In issuing that opinion, the 7th U.S. Circuit Court of Appeals overturned a decision by U.S. District Chief Judge Larry J. McKinney of the U.S. District Court for the Southern District of Indiana who had thrown out the participant suit against Guidant Corp. for lack of legal standing. The appellate judges sent the case back to McKinney for further proceedings.
Circuit Judge Richard A. Posner, who wrote the 7th Circuit opinion, said two former Guidant employees had standing to pursue their fiduciary breach claims under the Employee Retirement Income Security Act (ERISA), despite having taken a full distribution after filing the lawsuit.
“ERISA defines “participant’ to include former employees who have cashed out their plan benefits, as the named plaintiffs in this case did, if they ‘may become eligible to receive a benefit of any type [from the plan],'” wrote Posner. “So the question comes down to whether, if the plaintiffs win their case by obtaining a money judgment against Guidant, the receipt of that money will constitute the receipt of a plan benefit. It will.”
Posner asserted that ERISA standing should still be in place regardless of whether half of the assets in a participant’s account were stolen or whether alleged fiduciary breaches diminished the account’s value.
“Suppose Guidant had stolen half the money in a plan participant’s retirement account and a suit by the participant resulted in a judgment for that amount; the suit would have established the retiree’s eligibility for the larger benefit,” wrote Posner. “There is no difference if instead of stealing the money from the account, Guidant by imprudent management caused the account to be half as valuable as it would have been under prudent management. The benefit in a defined-contribution pension plan is, to repeat, just whatever is in the retirement account when the employee retires or whatever would have been there had the plan honored the employee’s entitlement, which includes an entitlement to prudent management.”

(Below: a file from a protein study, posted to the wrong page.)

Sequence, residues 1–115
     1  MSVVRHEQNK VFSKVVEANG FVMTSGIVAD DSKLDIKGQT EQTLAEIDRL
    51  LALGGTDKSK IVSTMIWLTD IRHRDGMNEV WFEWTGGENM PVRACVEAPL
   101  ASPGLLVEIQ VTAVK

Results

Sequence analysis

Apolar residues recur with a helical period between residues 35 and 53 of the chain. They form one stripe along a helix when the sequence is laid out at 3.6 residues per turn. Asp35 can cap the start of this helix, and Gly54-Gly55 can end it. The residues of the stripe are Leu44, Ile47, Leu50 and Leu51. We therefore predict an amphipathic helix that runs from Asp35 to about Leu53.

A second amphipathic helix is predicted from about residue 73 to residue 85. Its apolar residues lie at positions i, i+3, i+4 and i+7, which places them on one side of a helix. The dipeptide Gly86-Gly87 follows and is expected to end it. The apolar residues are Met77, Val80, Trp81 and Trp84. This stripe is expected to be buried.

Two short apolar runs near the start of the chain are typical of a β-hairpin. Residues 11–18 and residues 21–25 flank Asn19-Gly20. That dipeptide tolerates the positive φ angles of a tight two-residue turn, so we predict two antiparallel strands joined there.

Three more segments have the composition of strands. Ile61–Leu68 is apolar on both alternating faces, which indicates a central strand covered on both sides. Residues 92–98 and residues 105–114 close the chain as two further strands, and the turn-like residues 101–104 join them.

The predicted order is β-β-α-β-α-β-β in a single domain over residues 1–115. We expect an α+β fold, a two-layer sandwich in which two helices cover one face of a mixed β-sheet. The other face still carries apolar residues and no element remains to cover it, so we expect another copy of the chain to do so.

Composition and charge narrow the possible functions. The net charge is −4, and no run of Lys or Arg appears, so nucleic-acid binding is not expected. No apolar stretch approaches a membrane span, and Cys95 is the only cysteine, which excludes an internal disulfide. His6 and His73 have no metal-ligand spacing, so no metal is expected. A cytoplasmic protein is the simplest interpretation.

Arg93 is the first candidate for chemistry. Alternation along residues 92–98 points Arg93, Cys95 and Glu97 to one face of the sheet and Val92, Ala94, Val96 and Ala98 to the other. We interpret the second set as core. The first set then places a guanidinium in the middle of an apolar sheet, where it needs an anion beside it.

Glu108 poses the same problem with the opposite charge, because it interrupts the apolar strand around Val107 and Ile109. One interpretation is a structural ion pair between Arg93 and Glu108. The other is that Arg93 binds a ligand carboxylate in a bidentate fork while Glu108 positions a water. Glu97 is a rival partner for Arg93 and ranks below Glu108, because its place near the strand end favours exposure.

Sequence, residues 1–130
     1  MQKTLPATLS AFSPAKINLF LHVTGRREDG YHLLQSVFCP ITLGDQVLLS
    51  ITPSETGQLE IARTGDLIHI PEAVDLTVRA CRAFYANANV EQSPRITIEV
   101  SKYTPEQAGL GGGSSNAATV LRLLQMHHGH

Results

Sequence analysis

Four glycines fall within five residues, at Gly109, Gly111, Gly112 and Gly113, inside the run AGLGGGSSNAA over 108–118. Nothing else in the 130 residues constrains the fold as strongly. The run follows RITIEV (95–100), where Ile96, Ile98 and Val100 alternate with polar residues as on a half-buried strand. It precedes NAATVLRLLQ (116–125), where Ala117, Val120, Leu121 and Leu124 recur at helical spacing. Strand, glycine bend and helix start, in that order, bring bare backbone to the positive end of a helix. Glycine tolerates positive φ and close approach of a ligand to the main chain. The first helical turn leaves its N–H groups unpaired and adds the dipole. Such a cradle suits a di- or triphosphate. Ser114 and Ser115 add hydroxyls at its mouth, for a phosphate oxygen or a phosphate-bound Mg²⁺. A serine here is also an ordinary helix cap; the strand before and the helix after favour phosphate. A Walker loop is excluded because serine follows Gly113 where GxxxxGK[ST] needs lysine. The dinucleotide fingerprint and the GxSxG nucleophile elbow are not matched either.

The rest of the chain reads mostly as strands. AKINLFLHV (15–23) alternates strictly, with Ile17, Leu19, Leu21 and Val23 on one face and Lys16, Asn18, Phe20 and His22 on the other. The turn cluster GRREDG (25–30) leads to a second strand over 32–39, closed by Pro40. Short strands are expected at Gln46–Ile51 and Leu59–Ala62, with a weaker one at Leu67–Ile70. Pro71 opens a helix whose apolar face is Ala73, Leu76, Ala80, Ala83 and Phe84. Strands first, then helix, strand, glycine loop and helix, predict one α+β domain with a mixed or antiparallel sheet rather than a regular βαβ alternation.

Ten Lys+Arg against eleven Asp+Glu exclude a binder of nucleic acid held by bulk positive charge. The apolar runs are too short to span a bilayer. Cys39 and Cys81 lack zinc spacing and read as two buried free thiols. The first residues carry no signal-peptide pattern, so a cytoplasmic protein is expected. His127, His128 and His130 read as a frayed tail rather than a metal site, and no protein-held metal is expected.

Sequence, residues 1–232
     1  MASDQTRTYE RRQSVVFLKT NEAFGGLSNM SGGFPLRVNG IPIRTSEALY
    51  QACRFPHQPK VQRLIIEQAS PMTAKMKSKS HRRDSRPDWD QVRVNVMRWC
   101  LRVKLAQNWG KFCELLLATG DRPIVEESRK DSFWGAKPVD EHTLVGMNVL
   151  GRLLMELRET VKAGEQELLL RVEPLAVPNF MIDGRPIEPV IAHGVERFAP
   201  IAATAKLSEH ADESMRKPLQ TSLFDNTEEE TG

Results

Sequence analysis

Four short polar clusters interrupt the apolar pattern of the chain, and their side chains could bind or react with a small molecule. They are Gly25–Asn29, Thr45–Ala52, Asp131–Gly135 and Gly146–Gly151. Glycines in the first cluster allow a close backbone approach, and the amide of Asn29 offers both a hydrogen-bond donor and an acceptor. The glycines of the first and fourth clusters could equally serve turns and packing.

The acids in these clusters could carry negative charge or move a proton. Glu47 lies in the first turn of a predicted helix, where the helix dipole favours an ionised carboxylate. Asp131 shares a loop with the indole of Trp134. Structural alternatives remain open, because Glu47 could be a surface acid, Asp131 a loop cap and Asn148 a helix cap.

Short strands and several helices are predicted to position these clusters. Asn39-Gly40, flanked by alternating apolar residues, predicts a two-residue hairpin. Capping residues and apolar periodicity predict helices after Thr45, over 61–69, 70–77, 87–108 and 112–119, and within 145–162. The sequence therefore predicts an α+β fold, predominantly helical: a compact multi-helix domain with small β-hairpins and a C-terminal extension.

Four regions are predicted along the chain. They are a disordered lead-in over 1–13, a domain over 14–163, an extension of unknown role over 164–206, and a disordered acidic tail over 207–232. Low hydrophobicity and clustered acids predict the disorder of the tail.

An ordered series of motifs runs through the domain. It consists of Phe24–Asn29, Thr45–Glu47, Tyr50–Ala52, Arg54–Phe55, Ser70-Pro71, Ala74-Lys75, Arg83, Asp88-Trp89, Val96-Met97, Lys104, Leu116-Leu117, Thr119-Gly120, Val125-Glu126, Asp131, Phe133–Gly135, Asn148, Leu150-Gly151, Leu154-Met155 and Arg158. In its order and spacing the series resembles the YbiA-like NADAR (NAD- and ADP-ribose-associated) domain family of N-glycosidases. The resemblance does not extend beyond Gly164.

Posner continued: “Benefits are benefits; in a defined-contribution plan they are the value of the retirement account when the employee retires, and a breach of fiduciary duty that diminishes that value gives rise to a claim for benefits measured by the difference between what the retirement account was worth when the employee retired and cashed it out and what it would have been worth then had it not been for the breach of fiduciary duty.’
Two ex-Guidant workers went to court in July 2005 with allegations the company and various officers and directors breached their fiduciary duties by investing in Guidant stock during a period when Guidant’s stock was inflated due to the company’s concealment of information concerning defects in the company’s implantable defibrillators, which accounted for nearly half of the company’s revenues, the opinion said.
According to the appellate ruling, the Guidant participants had a 401(k) plan funded by their contributions and a company match as well as an Employee Stock Ownership Plan (ESOP) funded by Guidant issuing shares to the ESOP, which usually amounted to 5% of the employee’s monthly salary.
The decision in Harzewski v. Guidant Corp., 7th Cir., No. 06-3752, 6/5/07 is here.